Orthopedic Surgery Overview
If you watch Grey’s Anatomy, perhaps you’re like me and the term orthopedic surgery immediately brings to mind Dr. Callie Torres, an orthopedic surgeon extraordinaire who resets bones with her bare hands and rocks the perfect mix of externally tough and internally emotional. Callie was always one of my favorite characters on the show, not only because she’s super interesting personally (her name is Calliope?) but also because she has one of the coolest jobs in the hospital.
It turns out that real-life orthopedic surgery is just as rewarding and interesting of a career as it is when depicted on television. This specialty focuses on the surgical correction of disorders of the bones, joints, muscles, ligaments, tendons, nerves, and skin. Many surgeons focus on just one body part, though they perform surgeries involving all. Orthopedic surgeons work on a diverse array of cases with patients young and old including fractures, bone tumors, arthritis, bow legs, tendon injuries, and more.
The Path to Orthopedic Surgery
As with many specialized fields of medicine, the path to orthopedic surgery is long and strenuous. Beyond the four years of undergraduate school and four years of medical school, orthopedic surgeons complete a one-year internship in general surgery followed by a four-year residency in orthopedic surgery. Once this process is complete, many surgeons opt to complete a one-year fellowship to train in a subspecialty, though this is optional. Specialties include foot and ankle, hand microsurgery, joint replacement, oncology, pediatric, shoulder and elbow, spine, and trauma.
Salary and Growth
Salary can be as high as $600,000 according to the Association of American Medical Colleges, especially for those who go into private practice. Compared to other specialties, orthopedic surgeons rank very highly in terms of salary, with orthopedic surgeons specializing in the spine rated the highest paid specialty by Medical Group Management Association, and hip
and joint specialists rated as number six. Job growth is also high for this specialty; the U.S. Bureau of Labor Statistics has most recently predicted a 22% growth in the field. This is due in part to medical advancements that have led to an increasingly significant aging population.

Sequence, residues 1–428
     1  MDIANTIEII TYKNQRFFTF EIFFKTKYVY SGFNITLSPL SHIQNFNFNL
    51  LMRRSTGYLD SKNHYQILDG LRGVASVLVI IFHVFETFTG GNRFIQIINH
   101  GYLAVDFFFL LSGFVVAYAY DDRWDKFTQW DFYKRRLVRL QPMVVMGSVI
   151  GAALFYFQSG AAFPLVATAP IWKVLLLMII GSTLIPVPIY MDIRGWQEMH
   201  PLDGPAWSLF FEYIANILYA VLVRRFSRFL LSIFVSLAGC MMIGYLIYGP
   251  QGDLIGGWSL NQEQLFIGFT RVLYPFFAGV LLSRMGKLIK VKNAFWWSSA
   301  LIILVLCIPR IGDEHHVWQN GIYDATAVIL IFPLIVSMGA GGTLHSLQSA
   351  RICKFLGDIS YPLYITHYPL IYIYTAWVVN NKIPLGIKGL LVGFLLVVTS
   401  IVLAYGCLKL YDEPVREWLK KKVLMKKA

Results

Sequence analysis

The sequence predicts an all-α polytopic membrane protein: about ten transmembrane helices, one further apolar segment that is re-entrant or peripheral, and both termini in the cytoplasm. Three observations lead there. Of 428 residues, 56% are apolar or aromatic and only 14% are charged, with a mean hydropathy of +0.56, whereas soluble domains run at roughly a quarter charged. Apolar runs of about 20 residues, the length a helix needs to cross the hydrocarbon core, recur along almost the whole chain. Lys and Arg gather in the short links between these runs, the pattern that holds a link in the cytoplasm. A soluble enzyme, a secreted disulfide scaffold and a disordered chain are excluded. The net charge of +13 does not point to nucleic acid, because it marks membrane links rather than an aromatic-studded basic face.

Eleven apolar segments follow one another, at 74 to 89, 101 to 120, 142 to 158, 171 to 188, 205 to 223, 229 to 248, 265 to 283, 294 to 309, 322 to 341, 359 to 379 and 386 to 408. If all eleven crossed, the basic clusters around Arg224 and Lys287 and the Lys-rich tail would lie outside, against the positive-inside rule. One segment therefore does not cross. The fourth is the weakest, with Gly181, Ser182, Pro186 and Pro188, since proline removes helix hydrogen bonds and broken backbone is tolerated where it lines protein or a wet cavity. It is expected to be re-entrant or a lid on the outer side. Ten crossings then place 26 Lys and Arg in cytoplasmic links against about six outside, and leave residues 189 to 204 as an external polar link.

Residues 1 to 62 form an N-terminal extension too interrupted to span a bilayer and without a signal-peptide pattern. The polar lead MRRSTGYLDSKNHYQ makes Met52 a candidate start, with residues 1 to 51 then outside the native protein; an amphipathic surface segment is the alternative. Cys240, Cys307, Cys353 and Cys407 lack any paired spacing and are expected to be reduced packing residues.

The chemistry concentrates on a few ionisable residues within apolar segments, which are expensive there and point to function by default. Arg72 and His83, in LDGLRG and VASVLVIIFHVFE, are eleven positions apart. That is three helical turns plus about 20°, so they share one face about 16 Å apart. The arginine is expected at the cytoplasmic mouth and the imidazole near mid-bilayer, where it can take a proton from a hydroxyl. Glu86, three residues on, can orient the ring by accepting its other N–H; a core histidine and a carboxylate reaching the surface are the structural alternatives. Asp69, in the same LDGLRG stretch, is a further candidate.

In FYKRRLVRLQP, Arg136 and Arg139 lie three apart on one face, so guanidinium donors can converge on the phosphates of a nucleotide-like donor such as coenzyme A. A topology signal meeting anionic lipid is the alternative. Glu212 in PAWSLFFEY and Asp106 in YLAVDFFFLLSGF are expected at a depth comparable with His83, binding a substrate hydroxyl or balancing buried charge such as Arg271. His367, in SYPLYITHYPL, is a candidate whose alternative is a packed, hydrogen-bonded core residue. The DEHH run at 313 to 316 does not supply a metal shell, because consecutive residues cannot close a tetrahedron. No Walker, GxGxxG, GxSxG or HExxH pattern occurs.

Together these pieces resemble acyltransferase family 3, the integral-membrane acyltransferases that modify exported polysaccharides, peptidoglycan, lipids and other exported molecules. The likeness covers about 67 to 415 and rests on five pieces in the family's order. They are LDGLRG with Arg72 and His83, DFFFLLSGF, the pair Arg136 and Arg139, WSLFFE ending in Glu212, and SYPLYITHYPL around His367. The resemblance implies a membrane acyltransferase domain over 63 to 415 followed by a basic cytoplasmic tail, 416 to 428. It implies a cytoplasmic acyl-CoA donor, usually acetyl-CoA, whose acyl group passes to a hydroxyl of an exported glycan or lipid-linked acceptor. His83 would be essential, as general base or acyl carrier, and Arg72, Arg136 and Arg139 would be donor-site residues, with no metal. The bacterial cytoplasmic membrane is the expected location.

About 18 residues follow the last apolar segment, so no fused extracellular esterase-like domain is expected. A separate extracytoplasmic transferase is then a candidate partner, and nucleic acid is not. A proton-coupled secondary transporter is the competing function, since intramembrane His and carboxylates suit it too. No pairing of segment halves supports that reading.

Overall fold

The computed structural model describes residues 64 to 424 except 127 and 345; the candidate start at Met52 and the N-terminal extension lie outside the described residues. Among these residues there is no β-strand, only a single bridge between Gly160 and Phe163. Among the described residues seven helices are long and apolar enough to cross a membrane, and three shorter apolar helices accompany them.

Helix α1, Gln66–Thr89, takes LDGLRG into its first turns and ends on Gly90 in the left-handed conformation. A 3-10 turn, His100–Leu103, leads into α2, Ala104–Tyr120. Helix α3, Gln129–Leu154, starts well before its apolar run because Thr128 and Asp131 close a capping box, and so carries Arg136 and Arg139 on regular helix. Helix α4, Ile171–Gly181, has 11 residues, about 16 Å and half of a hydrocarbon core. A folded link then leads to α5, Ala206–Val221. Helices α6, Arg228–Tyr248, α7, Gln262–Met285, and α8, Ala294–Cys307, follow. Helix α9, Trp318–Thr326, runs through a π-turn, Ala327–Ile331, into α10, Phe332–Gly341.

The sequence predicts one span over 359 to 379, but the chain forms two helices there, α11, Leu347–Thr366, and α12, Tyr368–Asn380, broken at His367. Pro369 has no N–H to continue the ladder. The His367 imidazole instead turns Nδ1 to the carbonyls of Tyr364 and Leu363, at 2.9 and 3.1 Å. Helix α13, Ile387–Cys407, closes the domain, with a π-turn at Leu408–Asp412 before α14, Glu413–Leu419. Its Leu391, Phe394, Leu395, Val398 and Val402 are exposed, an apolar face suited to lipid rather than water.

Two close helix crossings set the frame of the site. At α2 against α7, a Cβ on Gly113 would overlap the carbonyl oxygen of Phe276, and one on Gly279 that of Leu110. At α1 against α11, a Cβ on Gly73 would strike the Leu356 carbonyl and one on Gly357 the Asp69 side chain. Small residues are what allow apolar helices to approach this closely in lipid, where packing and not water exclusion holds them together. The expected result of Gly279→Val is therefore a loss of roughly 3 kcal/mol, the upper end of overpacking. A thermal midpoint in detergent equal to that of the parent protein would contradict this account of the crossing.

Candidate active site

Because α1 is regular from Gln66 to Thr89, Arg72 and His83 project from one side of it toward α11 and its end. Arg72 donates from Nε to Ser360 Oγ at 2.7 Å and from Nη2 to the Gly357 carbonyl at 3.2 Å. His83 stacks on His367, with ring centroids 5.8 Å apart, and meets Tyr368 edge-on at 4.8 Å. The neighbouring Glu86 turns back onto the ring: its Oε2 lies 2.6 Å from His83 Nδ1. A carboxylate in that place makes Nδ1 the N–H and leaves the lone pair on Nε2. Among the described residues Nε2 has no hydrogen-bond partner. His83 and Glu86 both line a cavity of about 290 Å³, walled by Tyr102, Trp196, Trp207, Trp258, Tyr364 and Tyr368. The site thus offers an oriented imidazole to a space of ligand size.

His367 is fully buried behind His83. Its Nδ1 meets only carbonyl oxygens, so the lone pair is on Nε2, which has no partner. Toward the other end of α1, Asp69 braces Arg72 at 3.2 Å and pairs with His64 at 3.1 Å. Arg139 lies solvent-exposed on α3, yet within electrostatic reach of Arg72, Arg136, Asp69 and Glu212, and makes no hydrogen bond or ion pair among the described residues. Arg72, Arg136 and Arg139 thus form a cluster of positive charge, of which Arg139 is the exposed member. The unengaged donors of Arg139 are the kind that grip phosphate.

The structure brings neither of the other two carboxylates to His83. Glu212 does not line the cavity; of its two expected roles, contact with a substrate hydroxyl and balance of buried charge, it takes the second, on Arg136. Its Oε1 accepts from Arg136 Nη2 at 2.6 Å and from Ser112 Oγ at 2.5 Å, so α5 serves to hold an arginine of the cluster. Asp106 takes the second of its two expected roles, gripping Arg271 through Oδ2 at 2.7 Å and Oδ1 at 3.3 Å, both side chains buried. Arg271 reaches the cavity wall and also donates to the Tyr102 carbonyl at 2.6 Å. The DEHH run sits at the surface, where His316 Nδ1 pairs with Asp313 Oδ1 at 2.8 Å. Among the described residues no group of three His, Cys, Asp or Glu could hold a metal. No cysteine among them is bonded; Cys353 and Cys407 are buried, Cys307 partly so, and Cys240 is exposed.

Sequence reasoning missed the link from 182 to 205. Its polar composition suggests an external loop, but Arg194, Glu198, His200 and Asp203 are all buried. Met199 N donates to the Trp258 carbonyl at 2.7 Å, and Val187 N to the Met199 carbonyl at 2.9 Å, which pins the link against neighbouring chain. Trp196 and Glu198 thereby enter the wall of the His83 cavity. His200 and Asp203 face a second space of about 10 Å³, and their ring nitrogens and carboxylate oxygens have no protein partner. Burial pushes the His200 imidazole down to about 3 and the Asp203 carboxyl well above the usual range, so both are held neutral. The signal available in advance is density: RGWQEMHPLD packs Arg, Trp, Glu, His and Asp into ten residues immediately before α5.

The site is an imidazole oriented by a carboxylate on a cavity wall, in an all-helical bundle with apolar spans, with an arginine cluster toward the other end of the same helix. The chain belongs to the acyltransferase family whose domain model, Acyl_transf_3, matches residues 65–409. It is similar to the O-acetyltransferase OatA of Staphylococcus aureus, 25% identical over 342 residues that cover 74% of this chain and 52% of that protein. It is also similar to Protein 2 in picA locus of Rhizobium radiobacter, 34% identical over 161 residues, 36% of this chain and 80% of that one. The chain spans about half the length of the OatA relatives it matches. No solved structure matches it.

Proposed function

Beyond job prospects and salary, orthopedic surgeons have a higher rate of job satisfaction than most physicians, and especially most surgeons. This may be attributable to the fact that much of orthopedic work is with children and the elderly. Academic studies have shown that physicians who work with these demographics are likely to have higher job satisfaction.
The Nature of Orthopedic Surgery
Orthopedic surgery requires a special skill set and personality type for success. As with many highly specialized and high paying medical fields, competition can be intense. Orthopedic surgery also requires a high level of manual dexterity and mechanical ability.
The field of orthopedic surgery is evolving and changing constantly. This is a very exciting time to be involved in orthopedics due to current technological advancements. The aging population leads to increased treatment of the elderly, especially of the joints, leading to more reconstructive surgeries. Hospitals are shifting toward more minimally invasive orthopedic surgeries, and surgeons are now able to do many examinations and repairs arthroscopically. Orthopedic surgeons are also increasingly involved with the treatment of sports injuries, and a specialty of sports medicine has evolved out of that need.
Orthopedics: A Field to Consider
For those entering the medical field or looking to select or change specialties, orthopedic surgery offers a bright outlook. Between the high salary, job satisfaction, and growth of this field, orthopedics has much to offer. If you have what it takes to become skilled in this competitive environment, orthopedic surgery is a great profession to consider.